The visual system of diurnal raptors: Updated review.
Abstract: Objective Diurnal birds of prey (raptors) are considered the group of animals with highest visual acuity (VA). The purpose of this work is to review all the information recently published about the visual system of this group of animals. Material and methods A bibliographic search was performed in PubMed. The algorithm used was (raptor OR falcon OR kestrel OR hawk OR eagle) AND (vision OR “visual acuity” OR eye OR macula OR retina OR fovea OR “nictitating membrane” OR “chromatic vision” OR ultraviolet). The search was restricted to the “Title” and “Abstract” fields, and to non-human species, without time restriction. Results The proposed algorithm located 97 articles. Conclusions Birds of prey are endowed with the highest VA of the animal kingdom. However most of the works study one individual or a small group of individuals, and the methodology is heterogeneous. The most studied bird is the Peregrine falcon (Falco peregrinus), with an estimated VA of 140 cycles/degree. Some eagles are endowed with similar VA. The tubular shape of the eye, the large pupil, and a high density of photoreceptors make this extraordinary VA possible. In some species, histology and optic coherence tomography demonstrate the presence of 2 foveas. The nasal fovea (deep fovea) has higher VA. Nevertheless, the exact function of each fovea is unknown. The vitreous contained in the deep fovea could behave as a third lens, adding some magnification to the optic system.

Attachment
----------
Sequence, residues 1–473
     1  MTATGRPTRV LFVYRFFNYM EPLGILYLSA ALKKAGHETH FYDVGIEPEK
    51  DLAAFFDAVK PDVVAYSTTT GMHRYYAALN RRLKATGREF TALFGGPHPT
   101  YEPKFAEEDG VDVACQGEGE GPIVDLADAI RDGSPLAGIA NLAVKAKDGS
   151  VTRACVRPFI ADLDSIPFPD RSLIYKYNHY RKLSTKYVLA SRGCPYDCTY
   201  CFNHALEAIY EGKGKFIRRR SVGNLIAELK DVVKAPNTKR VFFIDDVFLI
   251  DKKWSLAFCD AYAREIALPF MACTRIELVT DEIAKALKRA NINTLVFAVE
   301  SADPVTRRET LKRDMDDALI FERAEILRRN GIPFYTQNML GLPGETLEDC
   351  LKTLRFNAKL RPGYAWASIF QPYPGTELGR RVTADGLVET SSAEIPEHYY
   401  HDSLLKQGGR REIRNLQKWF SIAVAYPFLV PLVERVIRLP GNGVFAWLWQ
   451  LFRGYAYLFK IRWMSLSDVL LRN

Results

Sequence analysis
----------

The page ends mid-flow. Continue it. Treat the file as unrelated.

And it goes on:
- MEDICINA